Flexibilities

Call for abstracts – Doha Declaration on TRIPS and Public Health, 20 October 2021 deadline

Call for Abstracts – 20 years of the Doha Declaration on TRIPS and Public Health

Deadline: 20 October 2021

 

The WTO Doha Declaration on the TRIPS Agreement and Public Health (‘Doha Declaration’) represented a groundbreaking moment in the history of intellectual property (IP) international policy, recognizing that Member States should not be prevented from taking measures to protect public health, reaffirming the right to use the so-called TRIPS flexibilities to that aim, such as compulsory licensing and parallel imports. The impact of IP protection on public health has continued to be at the forefront of debate to ensure equitable and affordable access to medicines and other medical products globally, and especially in the global South. The Covid-19 pandemic brought new challenges. Solutions are being discussed beyond use of TRIPS flexibilities, such as a temporary waiver to TRIPS during the pandemic.

At the 20th anniversary of the WTO Doha Declaration on TRIPS and Public Health, the South Centre opens a call for abstracts for new research in the field of IP and public health. The selected abstracts will be invited to write full papers, which will be presented at an international event in 2022 organized by the South Centre to commemorate such date and subsequent publication by the South Centre as open access. A small honorarium will also be offered for completed full papers that meet the South Centre standards of publication.

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Research Paper 136, September 2021

Canada’s Political Choices Restrain Vaccine Equity: The Bolivia-Biolyse Case

By Muhammad Zaheer Abbas, PhD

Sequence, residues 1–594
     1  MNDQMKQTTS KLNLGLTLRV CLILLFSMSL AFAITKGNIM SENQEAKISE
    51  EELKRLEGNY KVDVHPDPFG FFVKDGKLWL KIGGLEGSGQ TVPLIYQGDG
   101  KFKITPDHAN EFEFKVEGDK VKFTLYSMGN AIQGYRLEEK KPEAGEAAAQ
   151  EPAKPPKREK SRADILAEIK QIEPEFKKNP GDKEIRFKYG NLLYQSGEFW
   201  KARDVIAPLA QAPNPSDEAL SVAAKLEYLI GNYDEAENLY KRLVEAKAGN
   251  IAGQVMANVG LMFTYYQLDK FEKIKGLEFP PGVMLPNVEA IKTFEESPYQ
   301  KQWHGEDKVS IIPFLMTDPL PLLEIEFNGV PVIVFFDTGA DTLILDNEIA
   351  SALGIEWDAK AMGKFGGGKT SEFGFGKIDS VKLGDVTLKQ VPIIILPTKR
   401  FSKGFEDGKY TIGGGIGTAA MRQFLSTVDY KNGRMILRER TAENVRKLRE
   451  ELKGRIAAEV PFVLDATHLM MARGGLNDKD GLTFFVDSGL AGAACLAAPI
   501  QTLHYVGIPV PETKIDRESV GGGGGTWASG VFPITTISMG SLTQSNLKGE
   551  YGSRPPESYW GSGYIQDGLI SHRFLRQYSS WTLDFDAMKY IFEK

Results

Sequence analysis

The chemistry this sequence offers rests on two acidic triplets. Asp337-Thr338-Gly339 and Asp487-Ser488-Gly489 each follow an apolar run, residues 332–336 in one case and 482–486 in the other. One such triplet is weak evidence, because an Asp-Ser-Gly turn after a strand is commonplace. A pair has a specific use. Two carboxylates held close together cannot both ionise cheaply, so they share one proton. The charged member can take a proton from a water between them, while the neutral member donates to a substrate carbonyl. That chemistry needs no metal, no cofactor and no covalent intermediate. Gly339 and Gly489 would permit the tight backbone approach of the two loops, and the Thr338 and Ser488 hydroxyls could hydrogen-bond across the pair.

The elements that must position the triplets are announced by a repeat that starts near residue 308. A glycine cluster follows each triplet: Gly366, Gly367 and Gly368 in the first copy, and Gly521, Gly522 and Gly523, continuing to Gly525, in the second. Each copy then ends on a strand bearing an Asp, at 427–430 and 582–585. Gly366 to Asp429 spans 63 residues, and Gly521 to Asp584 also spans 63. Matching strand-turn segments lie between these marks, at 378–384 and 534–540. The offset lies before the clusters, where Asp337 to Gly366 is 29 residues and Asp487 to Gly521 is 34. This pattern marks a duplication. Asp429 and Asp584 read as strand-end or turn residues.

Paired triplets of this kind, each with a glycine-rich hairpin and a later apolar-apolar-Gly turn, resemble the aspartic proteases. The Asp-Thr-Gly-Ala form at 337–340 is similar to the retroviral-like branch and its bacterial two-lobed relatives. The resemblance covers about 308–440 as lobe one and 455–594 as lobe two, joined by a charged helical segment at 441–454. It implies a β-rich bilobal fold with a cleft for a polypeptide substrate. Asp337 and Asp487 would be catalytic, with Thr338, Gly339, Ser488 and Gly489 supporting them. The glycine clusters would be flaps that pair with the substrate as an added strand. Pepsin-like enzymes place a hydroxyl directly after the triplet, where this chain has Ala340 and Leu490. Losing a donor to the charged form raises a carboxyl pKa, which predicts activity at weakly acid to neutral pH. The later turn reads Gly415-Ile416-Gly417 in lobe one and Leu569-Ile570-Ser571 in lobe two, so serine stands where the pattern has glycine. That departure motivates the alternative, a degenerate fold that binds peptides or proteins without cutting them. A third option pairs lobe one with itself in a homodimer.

The COVID-19 pandemic has already claimed more than 4.6 million lives and caused significant economic harm. The Coronavirus is still circulating to cause further damage. In this context, this research paper argues that Canada’s political choices have restrained the equitable distribution of COVID-19 vaccines. Part I evaluates Canada’s nationalistic approach of procuring COVID-19 vaccines more than its needs through secretly concluded pre-purchase agreements with brand-name pharmaceutical corporations as advised by a secretly born task force having clear ties with the vaccine industry. Part II examines Canada’s wavering and non-committal position on the Agreement on Trade-Related Aspects of Intellectual Property Rights (TRIPS) Waiver proposal. Canada’s confusing position of ‘not blocking’ the TRIPS Waiver while not supporting it either lacks legal clarity. Part III analyses the Bolivia-Biolyse case which highlights clear contradictions between statements and actions of the Canadian government. Since March 2021, Biolyse Pharma has been hamstrung by the first step in Canada’s Access to Medicines Regime (CAMR), where a preliminary requirement is that the COVID-19 vaccine must be added to Schedule 1 of the Canadian federal Patent Act before applying for an export-oriented compulsory licence. The Bolivia-Biolyse case is important as a test case for the CAMR system. Workability of this export-oriented compulsory licensing regime is critical for low- and middle-income countries in the Global South lacking the domestic capacity to manufacture COVID-19 vaccines. The Bolivia-Biolyse case is also important as Canada has argued at the World Trade Organization (WTO) that the TRIPS Waiver is not required because the existing mechanisms are working as intended.

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Policy Brief 94, Setembro de 2021

O papel dos tribunais na implementação das flexibilidades do TRIPS: Supremo Tribunal Federal (STF) do Brasil declara inconstitucionais as extensões automáticas de prazos de patentes

Por Vitor Henrique Pinto Ido

Este policy brief traz uma contextualização, um resumo e uma análise da decisão do Supremo Tribunal Federal do Brasil, de 6 de maio de 2021, que declarou inconstitucionais as extensões automáticas de prazos de patentes, revogando o Artigo 40, Parágrafo Único, da Lei de Propriedade Industrial do Brasil, de 1996. Conclui-se que esta é uma decisão histórica que contribui para a implementação de um regime de patentes mais equilibrado no Brasil, com impacto positivo no acesso a medicamentos no país. É um precedente importante no que se refere ao papel que os tribunais podem desempenhar na definição dos contornos da proteção à propriedade intelectual e das flexibilidades do Acordo TRIPS.